The Woman Speaks

Women are not to speak in church at all. Women are definitely not allowed to teach men anything. The only males they can teach are little boys. Once a boy hits puberty, he can no longer have a woman teacher in Sunday School. He is a man now. This same boy can be taught in public (or private or Christian) school by a woman and no one loses their mind. He can have women professors in college. He can have a woman boss. But in church, man reigns supreme and women need to just shut the heck up.

This is biblical, right? I mean, right? It’s what Paul writes, isn’t it? And we all know Paul is like next to godhood. His writings in 1 Corinthians 14 and 1 Timothy 3 dictate the silence of women, at least that is what I have always been taught. I’m sure many of you have as well.

Let women keep silent in the churches; for they are not permitted to speak, but let them subject themselves, just as the Law also says, and if they desire to learn anything, let them ask their own husbands at home, for it is improper for a woman to speak in church.

Let a woman quietly receive instruction with entire submissiveness. But I do not allow a woman to teach or exercise authority over a man but to remain quiet.

I Corinthians 14:34-35 and 1 Timothy 2:11-12, respectively

These passages have no doubt been beaten and belabored to death in recent months. But please, allow me to throw my hat into the ring as one late to the party. Let’s talk about church first, shall we? Let’s define it biblically, okay?

For where two or three are gathered together, I am there in their midst.

Matthew 18:20

This verse in Matthew comes just after Jesus tells the disciples how to deal with offenses done against them. (You can read it all in Matthew 18:15-20.) Church is not a building but it is the whole body of Christ. It is comprised of individual believers. Anytime believers meet together it is church. So anytime believers have a meal with other believers it’s church. If believers meet out shopping or going for a walk, at a concert, etc it is church. But we don ‘t live like that. We live as if the church is simply the four walls of a building with Church in the name. “I attend this church. Which church do you attend?” So we translate this passage in light of that viewpoint. Women cannot talk inside the four walls of a church.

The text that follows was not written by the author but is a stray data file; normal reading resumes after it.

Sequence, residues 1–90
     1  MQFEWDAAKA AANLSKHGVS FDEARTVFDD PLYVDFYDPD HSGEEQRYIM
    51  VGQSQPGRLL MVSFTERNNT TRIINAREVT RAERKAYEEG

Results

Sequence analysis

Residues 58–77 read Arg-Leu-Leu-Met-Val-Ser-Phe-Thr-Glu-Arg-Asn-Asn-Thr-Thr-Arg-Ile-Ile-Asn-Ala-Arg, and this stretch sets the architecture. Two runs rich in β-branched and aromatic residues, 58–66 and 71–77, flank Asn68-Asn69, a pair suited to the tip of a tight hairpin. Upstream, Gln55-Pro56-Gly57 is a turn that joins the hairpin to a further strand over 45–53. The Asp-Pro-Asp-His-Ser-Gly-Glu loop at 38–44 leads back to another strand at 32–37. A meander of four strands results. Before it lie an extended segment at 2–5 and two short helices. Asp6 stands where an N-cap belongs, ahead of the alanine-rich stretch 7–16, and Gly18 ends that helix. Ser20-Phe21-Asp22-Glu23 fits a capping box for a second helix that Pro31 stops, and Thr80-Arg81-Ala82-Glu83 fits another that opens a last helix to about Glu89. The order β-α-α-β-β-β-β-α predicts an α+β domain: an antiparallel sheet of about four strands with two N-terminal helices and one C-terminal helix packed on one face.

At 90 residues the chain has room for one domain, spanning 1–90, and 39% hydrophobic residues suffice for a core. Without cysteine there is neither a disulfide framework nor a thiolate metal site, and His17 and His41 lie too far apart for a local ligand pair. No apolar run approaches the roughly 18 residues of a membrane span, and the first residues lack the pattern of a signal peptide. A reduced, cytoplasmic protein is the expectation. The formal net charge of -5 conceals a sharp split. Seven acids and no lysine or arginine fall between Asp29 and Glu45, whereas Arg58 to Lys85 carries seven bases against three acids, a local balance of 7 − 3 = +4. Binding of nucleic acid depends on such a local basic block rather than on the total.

Except even this is not practiced truly. Women speak inside the church walls all the time. Women speak to men inside the four walls of a church all the time. And no one bats an eye. Women speak and teach in the church. Children and women only. “Because that’s what the Bible says.” I beg to differ. I am not intelligent nor eloquent enough to lay out the reasons. But I will show what Jesus has been revealing to me about Himself and His dealings with women.

Jesus revealed Himself to women first on many different occasions and in varied ways. A real quick rundown of some.

  • Mary heard from the angel, Gabriel before Joseph. God chose to reveal Himself to a woman before revealing Himself to her betrothed and before revealing Himself to any in Israel.
  • Jesus chose to reveal His identity as Messiah to a woman before revealing it to the disciples. He told the Samaritan woman, “I who speak to you am He” (John 4:26) This was after speaking with her and bringing the conversation around to church and worship. She confessed to hearing the rumor of a promised Messiah who “will declare all things to us” (John 4:25)
  • Jesus chose a woman, a woman who had been demon possessed, to first reveal Himself post-resurrection. According to His plan and purpose, Mary Magdalene arrived at the tomb early on the first day of the week. She saw the stone had been rolled away and she hotfooted it back to town to tell the disciples. She was the one who followed Peter and John as they entered a footrace to the tomb.
  • Jesus chose Mar Magdalene to be the one to look into the tomb after Peter and John left. (Left to go find the resurrected Jesus? Nope. They left to go home.) He chose for Mary to see the angels and then turn around and see Him. He veiled her understanding until He spoke her name.
  • Jesus chose Mary Magdalene to be the first apostle. She saw Him first post-resurrection and she was the first one He sent. And where did He send her? To give men a message. But not just any men. His men. Men who had faithfully followed Him throughout His ministry. The message she was to give them? In short, she was to instruct them. Jesus could have shown Himself to them. He could have appeared at the tomb behind Peter and John and told them to go back and tell the other disciples He lived and where to meet Him. But He didn’t. I can’t emphasize this enough. He purposely chose a woman. He purposely sent her out. He purposely sent her to instruct men, His men. Believing men.